WOMEN IN THE GIG ECONOMY: this work examines new online work possibilities in the ‘platform economy’, in which production is unbundled from formal employment, with online algorithms used to manage and motivate work carried out by ‘digital labour’ beyond typical workplaces.  With a global nexus of rapidly growing platforms providing gig work to millions of users, commentators have hailed a ‘fourth industrial revolution’.  My work challenges celebratory claims surrounding online work platforms as a means for overcoming longstanding patterns of female economic disadvantage. My work makes visible the gendered constraints that women face to make a living through online gig work; major issues of female health and safety in the gig economy; and the shape of alternative, more humane platform models.  Through engagement with 52 women in the UK across multiple platforms (including Peopleperhour, Freelancer, Upwork, TaskRabbit, Fiverr), this work develops new collaborations with female freelancers, artists and activists, to produce a portfolio of over 100 powerful photographic and line drawn images, visualising major themes identified in research interviews (e.g. breastfeeding at work, abusive male clients, income precarity, wage theft, pregnancy abuse). The latest phase of this work revisits this female cohort to identify change over time (coping strategies, shifts in household situation, homeschooling online career trajectories) in the wake of the COVID lockdown.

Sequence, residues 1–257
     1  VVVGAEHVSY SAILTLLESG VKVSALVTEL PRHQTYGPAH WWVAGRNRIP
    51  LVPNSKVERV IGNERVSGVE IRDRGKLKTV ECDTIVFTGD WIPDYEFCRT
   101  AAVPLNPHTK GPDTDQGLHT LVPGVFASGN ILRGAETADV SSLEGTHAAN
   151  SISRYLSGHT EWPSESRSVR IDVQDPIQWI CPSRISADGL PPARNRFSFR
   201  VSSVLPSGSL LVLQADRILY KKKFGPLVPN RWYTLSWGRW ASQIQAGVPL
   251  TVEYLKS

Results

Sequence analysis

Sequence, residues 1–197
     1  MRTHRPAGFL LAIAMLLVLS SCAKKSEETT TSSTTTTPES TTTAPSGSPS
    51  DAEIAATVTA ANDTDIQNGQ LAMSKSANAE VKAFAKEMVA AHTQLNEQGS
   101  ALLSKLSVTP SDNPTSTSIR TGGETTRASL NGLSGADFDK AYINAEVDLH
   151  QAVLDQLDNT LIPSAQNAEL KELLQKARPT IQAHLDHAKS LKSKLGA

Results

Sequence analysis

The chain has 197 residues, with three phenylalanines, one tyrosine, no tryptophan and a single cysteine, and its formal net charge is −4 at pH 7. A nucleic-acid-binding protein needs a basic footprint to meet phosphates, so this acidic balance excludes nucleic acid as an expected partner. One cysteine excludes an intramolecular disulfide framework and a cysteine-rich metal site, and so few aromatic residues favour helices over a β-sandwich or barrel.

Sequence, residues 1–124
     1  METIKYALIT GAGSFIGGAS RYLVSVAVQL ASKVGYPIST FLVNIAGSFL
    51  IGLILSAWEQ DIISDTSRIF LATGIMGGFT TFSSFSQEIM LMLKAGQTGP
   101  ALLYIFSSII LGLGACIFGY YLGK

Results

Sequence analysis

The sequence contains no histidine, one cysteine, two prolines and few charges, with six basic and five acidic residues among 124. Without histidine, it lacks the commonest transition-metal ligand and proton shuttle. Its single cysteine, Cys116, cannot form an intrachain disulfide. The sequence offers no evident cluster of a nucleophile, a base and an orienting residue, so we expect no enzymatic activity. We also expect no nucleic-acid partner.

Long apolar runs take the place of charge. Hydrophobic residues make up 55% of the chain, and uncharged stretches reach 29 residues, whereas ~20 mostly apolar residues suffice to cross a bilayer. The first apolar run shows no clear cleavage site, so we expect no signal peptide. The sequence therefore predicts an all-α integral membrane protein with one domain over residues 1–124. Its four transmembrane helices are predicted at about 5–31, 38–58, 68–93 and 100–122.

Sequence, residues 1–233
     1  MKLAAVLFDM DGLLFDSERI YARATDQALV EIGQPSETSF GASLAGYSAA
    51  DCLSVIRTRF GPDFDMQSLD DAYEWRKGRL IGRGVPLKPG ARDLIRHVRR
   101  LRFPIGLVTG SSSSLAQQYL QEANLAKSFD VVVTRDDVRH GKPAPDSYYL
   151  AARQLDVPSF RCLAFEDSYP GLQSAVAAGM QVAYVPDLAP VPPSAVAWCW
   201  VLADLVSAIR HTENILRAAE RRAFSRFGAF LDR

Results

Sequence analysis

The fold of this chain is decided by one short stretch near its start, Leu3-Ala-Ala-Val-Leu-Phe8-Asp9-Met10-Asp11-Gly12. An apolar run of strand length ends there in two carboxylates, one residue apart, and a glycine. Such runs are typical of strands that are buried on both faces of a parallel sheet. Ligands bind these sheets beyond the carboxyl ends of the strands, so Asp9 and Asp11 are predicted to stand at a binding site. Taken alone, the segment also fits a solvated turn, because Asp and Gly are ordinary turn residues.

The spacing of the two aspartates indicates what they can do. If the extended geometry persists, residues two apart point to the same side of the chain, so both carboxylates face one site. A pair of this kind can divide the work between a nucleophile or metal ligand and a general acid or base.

WORK-LIFE ADVANTAGE:  The societal and moral significance of successfully integrating paid work with other meaningful parts of life is profound. Yet many employers remain sceptical, perpetuating hardship for many workers.  In response, this work demonstrates how employer-provision of family-friendly working arrangements, can simultaneously enhance firms’ capacities for learning and innovation, in pursuit of long-term competitive advantage. This work was been developed over a decade through engagement with female technology professional organisations (Girl Geeks, womenintechnology, WISE, WITS), policy-makers, labour organisations, and employers (Ireland’s Equality Authority, Irish Congress of Trade Unions, SIPTU, National Centre for Partnership & Performance, Irish WLB Network), who facilitated access to over 300 women, and 150 IT employers (employing 8000 workers) in the UK and Ireland. This work exposes and disrupts a series of widely-held yet highly problematic assumptions within the regional learning and innovation literature rooted in the masculinist myth of the disembodied ‘ideal worker’, for whom work is primary, time available to work unlimited, and the demands of family and personal life insignificant.  It also contributes to an holistic regional development agenda, concerned to expand the narrow analytical focus of regional analysis beyond economistic indicators of competitiveness, growth and productivity, also to include gender equity, quality of life, and family well-being.